Also troubling is the recent spate of FCC grants of forbearance from enforcing rules affecting the provision of certain special access services sometimes referred to as "enterprise broadband services." Since August of this year, the FCC has granted four ILEC requests for forbearance from enforcement of certain requirements of Title II of the Act and other rules applicable to the provision of the relevant broadband services. Commenters and other competitive providers of broadband services often rely on ILECs for the local broadband transmission component necessary to reach the CLECs' retail customers because there are few or often no competitive alternatives to these ILEC products. The forbearance granted to the petitioners will enable them to effectively foreclose access to these critical wholesale inputs and in so doing will greatly diminish the ability of facilities-based CLECs to compete effectively, and will result in fewer competitive broadband service options being made available to consumers.
The deficiencies Commenters identified in the broadband forbearance requests mirror those found in the UNE forbearance requests. Specifically, petitioners consistently failed to produce sufficient and reliable evidence to demonstrate that the relevant products and product markets were sufficiently competitive to justify a grant of forbearance.
The Availability of Copper Loop Facilities is Critical to Widespread Broadband Availability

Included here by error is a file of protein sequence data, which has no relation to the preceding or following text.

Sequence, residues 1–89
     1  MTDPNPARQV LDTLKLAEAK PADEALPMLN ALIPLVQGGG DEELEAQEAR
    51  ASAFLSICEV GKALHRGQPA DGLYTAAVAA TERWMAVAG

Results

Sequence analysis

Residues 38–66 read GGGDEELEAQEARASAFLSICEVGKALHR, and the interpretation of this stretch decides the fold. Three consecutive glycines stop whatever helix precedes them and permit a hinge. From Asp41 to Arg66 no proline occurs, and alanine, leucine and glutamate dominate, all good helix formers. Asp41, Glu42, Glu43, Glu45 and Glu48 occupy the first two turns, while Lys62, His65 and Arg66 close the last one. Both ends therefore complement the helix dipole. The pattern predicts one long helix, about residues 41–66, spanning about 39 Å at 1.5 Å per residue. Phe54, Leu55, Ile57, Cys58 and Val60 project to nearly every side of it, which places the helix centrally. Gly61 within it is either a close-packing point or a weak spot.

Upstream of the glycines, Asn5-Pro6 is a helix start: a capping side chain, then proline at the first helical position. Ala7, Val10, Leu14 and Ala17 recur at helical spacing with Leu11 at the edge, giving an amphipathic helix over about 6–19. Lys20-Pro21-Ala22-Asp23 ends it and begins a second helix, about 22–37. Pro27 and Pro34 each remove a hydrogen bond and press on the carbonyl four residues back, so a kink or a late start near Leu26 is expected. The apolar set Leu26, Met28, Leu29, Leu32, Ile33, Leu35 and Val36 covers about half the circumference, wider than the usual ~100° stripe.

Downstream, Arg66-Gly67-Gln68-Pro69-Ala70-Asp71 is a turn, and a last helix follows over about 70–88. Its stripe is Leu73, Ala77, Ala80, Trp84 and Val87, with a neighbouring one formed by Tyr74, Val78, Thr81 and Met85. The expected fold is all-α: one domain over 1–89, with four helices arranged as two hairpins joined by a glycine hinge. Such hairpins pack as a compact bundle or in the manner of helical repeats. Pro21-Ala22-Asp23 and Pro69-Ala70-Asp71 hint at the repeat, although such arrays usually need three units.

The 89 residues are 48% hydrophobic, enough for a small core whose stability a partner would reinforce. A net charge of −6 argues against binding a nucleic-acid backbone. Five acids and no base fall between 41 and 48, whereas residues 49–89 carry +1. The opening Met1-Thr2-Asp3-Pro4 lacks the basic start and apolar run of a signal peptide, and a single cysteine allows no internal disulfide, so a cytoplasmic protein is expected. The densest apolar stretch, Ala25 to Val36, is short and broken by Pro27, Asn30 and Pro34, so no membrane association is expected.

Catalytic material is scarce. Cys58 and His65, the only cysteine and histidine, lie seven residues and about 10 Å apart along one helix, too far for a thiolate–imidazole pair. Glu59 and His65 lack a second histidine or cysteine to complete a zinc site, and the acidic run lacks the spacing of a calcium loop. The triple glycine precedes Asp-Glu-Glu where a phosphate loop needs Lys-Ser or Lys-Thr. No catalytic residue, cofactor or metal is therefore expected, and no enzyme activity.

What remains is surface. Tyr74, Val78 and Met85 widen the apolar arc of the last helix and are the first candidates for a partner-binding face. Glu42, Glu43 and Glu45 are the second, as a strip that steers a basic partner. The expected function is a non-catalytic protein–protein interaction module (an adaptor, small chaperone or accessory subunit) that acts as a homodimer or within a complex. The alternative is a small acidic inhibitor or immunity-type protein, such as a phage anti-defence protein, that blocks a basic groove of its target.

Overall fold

Copper loop plant, including feeder and subloop components, is being retired by the ILECs at an alarming rate. Facilities-based CLECs, including the Commenters, oppose the routine retirement of these facilities for a number of reasons. First, the copper facilities have significant value based on their line-powered capability which enables them to function when power failures disable other transmission facilities. This feature and the redundant nature of copper loops subject to retirement notices can prove to be important in times of public safety or homeland security crises. Second, copper loop facilities can be used to provide ultra-high-speed broadband services and this functionality, combined with the nearly ubiquitous presence of copper facilities, makes it an excellent vehicle for the provision of broadband services nationwide. Thus, the inherent beneficial features of copper loop facilities and the ubiquity of the facilities render them crucial to the continued development of competition in the telecommunications/broadband marketplace. The retirement of copper facilities erects yet another barrier to competitive entry and inhibits the ability of existing facilities-based CLECs to continue to access and service their residential and business customers.